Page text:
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The Changing Japanese Multinational: Application, Adaptation and Learning in Car Manufacturing and Financial Services

Опубликовано на портале: 24-03-2008
Journal of Management Studies. 2003.  Vol. 40. No. 3. P. 643-672.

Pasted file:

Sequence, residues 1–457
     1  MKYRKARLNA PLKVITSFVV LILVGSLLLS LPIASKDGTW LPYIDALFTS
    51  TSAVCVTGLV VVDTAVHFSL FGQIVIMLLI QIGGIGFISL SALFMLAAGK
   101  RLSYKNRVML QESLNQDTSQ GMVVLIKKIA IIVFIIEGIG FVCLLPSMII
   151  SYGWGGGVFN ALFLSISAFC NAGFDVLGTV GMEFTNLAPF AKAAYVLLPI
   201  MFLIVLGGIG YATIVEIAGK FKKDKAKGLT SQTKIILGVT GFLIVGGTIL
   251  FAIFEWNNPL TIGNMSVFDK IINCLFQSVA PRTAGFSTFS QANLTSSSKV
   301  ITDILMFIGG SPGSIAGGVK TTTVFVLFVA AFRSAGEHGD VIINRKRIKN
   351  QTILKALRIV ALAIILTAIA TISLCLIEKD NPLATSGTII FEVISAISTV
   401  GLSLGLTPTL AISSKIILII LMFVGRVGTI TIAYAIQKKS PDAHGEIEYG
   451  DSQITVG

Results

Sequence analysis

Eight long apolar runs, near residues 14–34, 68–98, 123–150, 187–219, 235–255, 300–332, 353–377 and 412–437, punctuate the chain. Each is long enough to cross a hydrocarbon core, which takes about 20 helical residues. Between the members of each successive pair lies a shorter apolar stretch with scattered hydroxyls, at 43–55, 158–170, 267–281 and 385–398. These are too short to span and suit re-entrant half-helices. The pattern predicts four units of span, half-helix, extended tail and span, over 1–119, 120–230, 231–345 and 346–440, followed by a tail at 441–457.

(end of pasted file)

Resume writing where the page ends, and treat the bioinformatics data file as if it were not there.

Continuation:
The combination of increasingly international operations, the continuing domestic recession, and the gradual opening of the Japanese economy to foreign investment might be expected to change many features of Japanese multinational companies. In particular, the level and mode of central control of overseas units, especially their reliance on expatriate managers, could change as firms become more willing to use foreign subsidiaries as sources of innovation and learning rather than as delivery pipelines for domestically designed and developed products. These changes are more likely in sectors dominated by non-Japanese firms, such as international financial services. Inter-views with managers of 14 Japanese manufacturing and financial service firms in the UK and Japan confirmed substantial differences in their internationalization patterns in the 1990s, both between and within sectors. Car manufacturers in particular invested major resources in transferring significant features of their domestic operations to UK units, usually with expatriate managers, and one was investing in developing an international cadre of managers. In the case of banks and other financial service companies, the continuing banking crisis in Japan and limited profitability of their European operations, had stimulated a variety of responses. While some had simply withdrawn from serving non-Japanese clients, or withdrawn altogether from Europe, others were trying to develop new skills and approaches to compete effectively with established Anglo-Saxon firms at the same time as refocusing on Japanese customers to improve profitability. However, the sharply contrasting labour market practices in London and Japan made it difficult for many banks to develop firm specific skills that would enable them to become competitive in markets currently dominated by western banks. This raises general questions about how multinational companies coordinate skills and careers across differently organized skill formation and control systems.